His name was not Nishikanta.  He was not from around here.  His family had lived in a small house next to a large mansion.  His mother’s name was Manorama, his father’s name Chandranath.  They had been a happy family.  What was the name of the place?  It was on the tip of his tongue.  He could remember the orchards of short, stout lychee trees, bearing clusters of juicy fruit.  There was a schoolhouse on a paved road.  Its bell used to ring loudly, calling Nishikanta by name.  It was coming back.  It was all coming back! 

But along with re-awakened memory, he could feel a sharp pain rising in his chest.  A lamentation-filled wind had begun to blow through his mind.  What had happened to him?  Scenes from the past were beginning to flicker and swoon drunkenly around him.  Very dimly, he saw images of riots, fires, bearded people with blackened faces, burning torches in hand.  He and his parents were hiding in the filth under the latrine and shaking with fear.  There were faint memories of railway tracks, a train station, a refugee camp…


            With a stifled scream Nishikanta lost his footing and fell.  He was on the wrong path.  Where was he going?  In which direction?  He stared dumbly around in the pale moonlight.  Where was he?

            Standing in the middle of a field with the umbrella and the bottle clutched close to his body, Nishikanta looked around at the world, as if for the first time.  What a frightening vastness!  He was lost.  He was alone.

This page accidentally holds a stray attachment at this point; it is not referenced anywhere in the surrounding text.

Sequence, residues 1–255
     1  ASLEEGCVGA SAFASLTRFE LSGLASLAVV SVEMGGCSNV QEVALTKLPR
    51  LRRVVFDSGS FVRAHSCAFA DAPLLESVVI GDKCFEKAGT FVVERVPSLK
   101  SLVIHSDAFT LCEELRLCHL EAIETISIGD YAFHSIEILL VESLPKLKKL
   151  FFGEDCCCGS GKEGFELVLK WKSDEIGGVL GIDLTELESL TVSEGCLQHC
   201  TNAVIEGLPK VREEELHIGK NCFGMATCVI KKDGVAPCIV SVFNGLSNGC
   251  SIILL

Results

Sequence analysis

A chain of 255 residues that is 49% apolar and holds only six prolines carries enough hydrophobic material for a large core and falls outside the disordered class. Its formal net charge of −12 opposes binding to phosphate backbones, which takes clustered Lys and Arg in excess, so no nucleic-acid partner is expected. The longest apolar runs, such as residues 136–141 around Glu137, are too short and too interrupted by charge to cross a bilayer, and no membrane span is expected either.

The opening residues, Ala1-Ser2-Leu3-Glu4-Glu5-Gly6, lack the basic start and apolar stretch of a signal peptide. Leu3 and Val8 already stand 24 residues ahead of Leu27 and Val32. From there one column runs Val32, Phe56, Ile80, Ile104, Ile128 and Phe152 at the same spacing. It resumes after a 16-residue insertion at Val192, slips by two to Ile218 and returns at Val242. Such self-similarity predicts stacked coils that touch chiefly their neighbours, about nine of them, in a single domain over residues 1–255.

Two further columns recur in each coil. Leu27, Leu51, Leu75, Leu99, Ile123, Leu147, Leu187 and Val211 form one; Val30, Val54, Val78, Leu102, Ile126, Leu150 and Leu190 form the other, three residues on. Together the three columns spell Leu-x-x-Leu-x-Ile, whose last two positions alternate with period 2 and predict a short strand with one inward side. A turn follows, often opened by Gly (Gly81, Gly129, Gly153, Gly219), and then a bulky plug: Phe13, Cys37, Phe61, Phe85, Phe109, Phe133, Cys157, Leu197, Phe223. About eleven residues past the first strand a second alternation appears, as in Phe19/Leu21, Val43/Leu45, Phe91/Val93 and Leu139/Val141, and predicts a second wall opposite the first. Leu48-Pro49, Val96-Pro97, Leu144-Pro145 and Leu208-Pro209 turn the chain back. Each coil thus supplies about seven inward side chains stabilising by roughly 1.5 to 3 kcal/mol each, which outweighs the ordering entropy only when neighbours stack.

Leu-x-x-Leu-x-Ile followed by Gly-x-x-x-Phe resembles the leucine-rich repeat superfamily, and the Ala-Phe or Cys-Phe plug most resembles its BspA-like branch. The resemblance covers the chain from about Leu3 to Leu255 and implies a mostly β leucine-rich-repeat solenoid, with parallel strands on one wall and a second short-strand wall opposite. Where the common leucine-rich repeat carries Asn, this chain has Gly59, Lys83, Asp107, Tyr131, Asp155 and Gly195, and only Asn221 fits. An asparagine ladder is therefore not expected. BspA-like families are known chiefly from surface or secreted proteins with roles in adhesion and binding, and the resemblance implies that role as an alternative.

As far as he could see, the ghostly moonlight stretched away into the night like a silent scream.  He had no home, no family – he had nothing.

            “A-aaaaaaaa,” a wordless cry burst out of Nishikanta’s throat.  Eyes filled with tears of terror, he waded into a flooded field until the water reached up to his waist.  He clutched his head in panic and muttered over and over, “Make it all go away.  Make me forget, please.”

            Suddenly, he felt a tug within himself, as if someone somewhere had just started to reel in a wayward kite.  The kite jerked upward.  Boudi-moni was calling his name: “Nishi-iiiii.”

            “I’m coming,” he said aloud and clambered out of the water.  He pressed the umbrella and the bottle close to his chest and wiped his eyes on the sleeves of his shirt.  Boudi-moni was rapidly reeling in her kite.  There was no way he could ignore that pull.  He might be a servant, a mere laborer, but that invisible tug was all he had.

            “I’m fine the way I am,” Nishikanta said to himself.  His world had once again contracted into the grey closeness of a rainy day, a dim sphere of clarity illuminated by a small flashlight.  Nothing was visible ahead, nothing behind.  This was exactly where he wanted to be.  With a profound sense of relief, Nishikanta resumed walking homeward.


Published in Parabaas, April, 2008

The original story "Brishtite Nishikanta" by Sirshendu Mukhopadhyay is included in the collection Galpo-Samagro (Vol.2) published by the Dey's Publishing, Kolkata.

Translated by Nilanjan Bhattacharya. Nilanjan grew up in Rajasthan and Assam and developed an early interest in .... (more)

Illustrations by Rajarshi Debnath. Rajarshi has been regularly illustrating for Parabaas. He is currently based in Athens, Georgia.

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©Parabaas 2008